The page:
(3) Catalogues human errors: The author also demonstrates many errors the average person might make - and usually concludes that people are doomed to continue making these errors, or that these errors are fundamental to all humans, and cannot generally be avoided even once people are made aware of them. This also seems unwarranted. There is no reason people cannot learn to avoid making many logical errors once they are made aware of them.

(4) Offers a constricted view of happiness: Happiness, to me, is a general assessment of how your entire life is going - including your past, what you think of yourself, and where you think you are headed (see my eBook - The Happiness Paragraph). Gilbert’s conception of happiness is much more limited - describing more of what I would call short-term ‘joy’. Because the author tends to study only this more ephemeral emotion, he misses the more lasting, meaningful, and predictable contributions to long-term happiness.

As an analogy, imagine the author was watching a group of people preparing for a great ocean voyage in which they hoped to find gold (happiness) in a distant land. It is certainly the case that there may be problems along the way. Navigation may not be precise and many mistakes can be and often are made. You may not enjoy the trip as much as you imagined and you may not reach your destination, or having reached it, you may find there is no gold to be had. Or maybe you find gold, but learn later that another destination would have been even better for you, with even more gold. All of this is true, but on the other hand, many people do in fact succeed in getting the gold: they plan it and they achieve it. In addition, those who just sit on shore achieve worse than nothing - as their opportunity for happiness is lost.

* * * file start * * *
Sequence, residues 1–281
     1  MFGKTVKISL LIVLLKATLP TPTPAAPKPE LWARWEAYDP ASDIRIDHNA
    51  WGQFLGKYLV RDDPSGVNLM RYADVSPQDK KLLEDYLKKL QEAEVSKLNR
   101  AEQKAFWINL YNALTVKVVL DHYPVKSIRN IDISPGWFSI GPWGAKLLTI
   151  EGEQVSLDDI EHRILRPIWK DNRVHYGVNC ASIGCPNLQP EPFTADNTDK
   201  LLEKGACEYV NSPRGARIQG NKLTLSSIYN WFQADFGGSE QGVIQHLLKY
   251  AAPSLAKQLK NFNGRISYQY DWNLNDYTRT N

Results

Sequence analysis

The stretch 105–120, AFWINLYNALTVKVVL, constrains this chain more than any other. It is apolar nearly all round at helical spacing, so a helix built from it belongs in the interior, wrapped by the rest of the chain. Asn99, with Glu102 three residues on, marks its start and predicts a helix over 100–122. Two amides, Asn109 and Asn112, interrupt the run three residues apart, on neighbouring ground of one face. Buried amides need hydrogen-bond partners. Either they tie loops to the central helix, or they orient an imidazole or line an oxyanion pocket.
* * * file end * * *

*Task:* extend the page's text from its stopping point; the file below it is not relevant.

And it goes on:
One very helpful idea the author explores and promulgates is the concept of relative happiness. He points out, properly, that happiness seems to be a relative thing. A person must compare his happiness now to his happiness at other times, or to other potential circumstances that would make him happy. Also, one value makes you more or less happy, compared to another value. There is no absolute scale but only a relative scale that you keep track of mentally. In addition, it is difficult (or perhaps impossible) to compare one person’s happiness to another’s.

Despite its positive aspects, 'Stumbling On Happiness' represents a fundamental attack on people’s ability to design a life that will make them happy. While the book is interesting, I believe it is also flawed due to the problems already mentioned. Most especially, because the author overgeneralizes from minutia and focuses on short-term ‘joy’ (instead of happiness), he misses the bigger picture and perspective on happiness. The author never discusses those general principles required to achieve happiness (expending effort, the happiness-producing properties of achievement, the backward looking evaluation of your life and accomplishments, the elimination of fundamental value conflicts). These general principles help us to make worthwhile and ‘happiness-producing’ decisions, even if we don’t make every decision perfectly.

I recommend reading ‘Stumbling On Happiness’ by Dan Gilbert not because I agree with his major conclusions, but because it is an interesting exploration of aspects of the human mind as it relates to happiness. I do not recommend this book for those looking for insights on how to be happier.